That said, the FIA does NOT account for all the expected transportation needs, some of which the Biscuit Run developer has proffered as improvements. So for example, while the developer proffered up to $1.55 million for the Fontaine/Sunset Connector Road, a share of the cost of that road is NOT factored into the FIA, but it IS counted as part of the mitigation amount ($20.7 million in proffers as counted by the County). In other words, when it comes to transportation, think of the FIA as capturing only the VDOT estimate of the cost impacts. There are other transportation costs to be considered in the review of this rezoning.
The FIA also does not count the costs to upgrade water and sewer to support Biscuit Run, because the fiscal impact model assumes those costs will be incurred by the ratepayers using public water and sewer, not by the County of Albemarle.
Brian Wheeler, Charlottesville Tomorrow
I wondered about that last night, as I was writing this, but I just can’t find that anywhere in the spreadsheet of expenses on pages 5-8. I’m also a little puzzled by how that would fit in, given that the memo describes that “the County would be $X worse off,” and it wouldn’t be the county paying for those road improvements but, rather, the state. It’s essential to factor in transportation, but it would be wrong to say that’s coming out of the county’s budget.
I should point out this is not the first time the fiscal impact cost of a project has been brought up. When Old Trail was before the board the fiscal impact model showed Old Trail would cost, if my memory serves me, 1.8 to 2 million dollars per year. Interestingly, it was Mr. Boyd who pointed out the developer’s assessment showed Old Trail would bring in 2 million dollars more then its operating cost. I say interestingly because I found out later that Mr. Boyd sits on the committee that oversees the fiscal impact model, which means he was saying he didn’t believe his own data. The bottom line was the 4 million dollar spread from minus 2 million to plus 2 million was never resolved before the vote. This year with the recent uproar about increasing taxes, the cost for Biscuit Run will be an issue and those who vote for it may end up paying more for their vote then the average tax payer will pay to support it if approved.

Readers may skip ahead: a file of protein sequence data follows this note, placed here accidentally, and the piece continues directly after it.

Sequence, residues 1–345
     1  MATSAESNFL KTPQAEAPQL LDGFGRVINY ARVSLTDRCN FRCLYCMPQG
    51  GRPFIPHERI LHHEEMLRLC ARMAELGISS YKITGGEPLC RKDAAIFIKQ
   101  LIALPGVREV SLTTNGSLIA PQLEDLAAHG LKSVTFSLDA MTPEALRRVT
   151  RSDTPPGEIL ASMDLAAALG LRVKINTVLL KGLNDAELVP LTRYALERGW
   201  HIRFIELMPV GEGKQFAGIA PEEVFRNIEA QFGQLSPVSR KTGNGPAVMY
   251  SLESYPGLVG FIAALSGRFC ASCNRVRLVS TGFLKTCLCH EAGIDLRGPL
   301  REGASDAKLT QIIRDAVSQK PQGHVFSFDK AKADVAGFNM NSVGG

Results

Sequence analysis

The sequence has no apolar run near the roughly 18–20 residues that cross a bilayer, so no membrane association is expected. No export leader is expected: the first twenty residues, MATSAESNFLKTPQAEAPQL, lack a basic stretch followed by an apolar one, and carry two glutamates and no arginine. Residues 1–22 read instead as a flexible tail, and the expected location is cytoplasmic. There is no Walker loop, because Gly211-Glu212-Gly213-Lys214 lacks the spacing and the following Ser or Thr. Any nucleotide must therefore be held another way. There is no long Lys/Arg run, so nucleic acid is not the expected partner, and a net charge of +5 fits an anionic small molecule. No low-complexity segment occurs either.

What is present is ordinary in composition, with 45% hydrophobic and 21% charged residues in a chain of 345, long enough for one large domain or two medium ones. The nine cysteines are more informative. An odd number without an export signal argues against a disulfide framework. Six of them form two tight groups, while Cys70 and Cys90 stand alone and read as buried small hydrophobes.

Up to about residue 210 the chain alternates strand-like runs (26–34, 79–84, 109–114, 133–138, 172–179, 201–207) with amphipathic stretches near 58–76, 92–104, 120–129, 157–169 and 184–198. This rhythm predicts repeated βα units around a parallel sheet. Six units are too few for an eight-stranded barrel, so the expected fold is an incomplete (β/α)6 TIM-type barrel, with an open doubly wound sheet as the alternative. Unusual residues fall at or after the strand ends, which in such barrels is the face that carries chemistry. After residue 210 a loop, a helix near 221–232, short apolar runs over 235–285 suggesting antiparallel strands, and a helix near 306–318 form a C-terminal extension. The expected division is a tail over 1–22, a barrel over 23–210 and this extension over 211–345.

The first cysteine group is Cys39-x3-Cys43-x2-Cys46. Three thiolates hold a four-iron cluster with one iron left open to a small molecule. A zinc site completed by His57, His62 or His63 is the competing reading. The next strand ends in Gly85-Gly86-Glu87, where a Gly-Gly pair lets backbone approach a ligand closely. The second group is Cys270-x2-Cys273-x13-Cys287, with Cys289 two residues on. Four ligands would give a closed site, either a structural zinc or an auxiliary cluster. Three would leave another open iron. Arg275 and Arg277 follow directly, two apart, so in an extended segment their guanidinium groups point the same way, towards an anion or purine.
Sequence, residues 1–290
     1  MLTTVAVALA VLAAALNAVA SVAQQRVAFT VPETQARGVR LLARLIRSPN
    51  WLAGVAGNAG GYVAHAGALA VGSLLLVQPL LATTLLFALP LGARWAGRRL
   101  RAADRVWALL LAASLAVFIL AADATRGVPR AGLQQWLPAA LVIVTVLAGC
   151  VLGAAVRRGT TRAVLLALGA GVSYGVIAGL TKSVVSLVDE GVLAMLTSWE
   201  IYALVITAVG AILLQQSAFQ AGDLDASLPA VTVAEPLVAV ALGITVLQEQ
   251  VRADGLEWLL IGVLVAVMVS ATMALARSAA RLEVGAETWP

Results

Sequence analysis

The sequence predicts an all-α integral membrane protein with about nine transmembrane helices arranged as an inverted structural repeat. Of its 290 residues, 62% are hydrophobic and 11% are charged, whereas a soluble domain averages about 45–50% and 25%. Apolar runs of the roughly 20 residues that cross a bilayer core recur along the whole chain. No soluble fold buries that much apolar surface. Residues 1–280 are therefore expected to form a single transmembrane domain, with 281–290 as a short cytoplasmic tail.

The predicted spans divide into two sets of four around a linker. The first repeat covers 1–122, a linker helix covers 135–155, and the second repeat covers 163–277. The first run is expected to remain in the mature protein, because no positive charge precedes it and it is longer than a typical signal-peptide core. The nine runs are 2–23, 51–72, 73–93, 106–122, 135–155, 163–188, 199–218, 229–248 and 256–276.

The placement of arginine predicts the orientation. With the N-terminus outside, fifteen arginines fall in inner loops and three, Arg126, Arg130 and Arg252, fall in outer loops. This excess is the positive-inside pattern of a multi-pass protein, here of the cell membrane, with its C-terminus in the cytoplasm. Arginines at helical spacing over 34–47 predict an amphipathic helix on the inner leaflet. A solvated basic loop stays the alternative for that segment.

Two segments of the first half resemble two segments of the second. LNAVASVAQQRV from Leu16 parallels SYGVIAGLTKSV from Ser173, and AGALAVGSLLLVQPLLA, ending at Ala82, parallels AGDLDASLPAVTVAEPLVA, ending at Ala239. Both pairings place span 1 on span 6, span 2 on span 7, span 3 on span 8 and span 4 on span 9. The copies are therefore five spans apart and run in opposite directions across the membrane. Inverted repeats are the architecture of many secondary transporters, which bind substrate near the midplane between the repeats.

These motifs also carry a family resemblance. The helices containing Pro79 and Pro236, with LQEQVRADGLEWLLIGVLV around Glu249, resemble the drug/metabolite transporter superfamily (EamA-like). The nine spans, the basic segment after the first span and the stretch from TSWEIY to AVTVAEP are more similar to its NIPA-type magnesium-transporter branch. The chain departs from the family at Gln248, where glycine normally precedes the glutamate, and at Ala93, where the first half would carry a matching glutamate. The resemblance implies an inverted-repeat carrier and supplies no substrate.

Now if only they would convert and post the original computerized memo instead of posting a scanned copy…
Could somebody please explain to me how the water/sewer authority is obligated to add connections to Biscuit Run? It seems to me that the authority should just say that they will make no more connections unless the developers pay for all the new water/sewer extensions in addition to the corresponding costs for increasing the capacity (currently a 9-figure sum).
Why should existing ratepayers be responsible for paying for a water/sewer expansion that only benefits new development? This isn’t even the same as asking why taxpayers should subsidize new development; after all, any new houses could opt for individual well and septic systems without burdening the public water/sewer system. Of course, they’d be taking on their own risk that the ground water will run out, and the density would have to be lower, but why should anyone else be subsidizing that?
Or what if Biscuit Run had to build its own water/sewer treatment plant, a la Lake Monticello?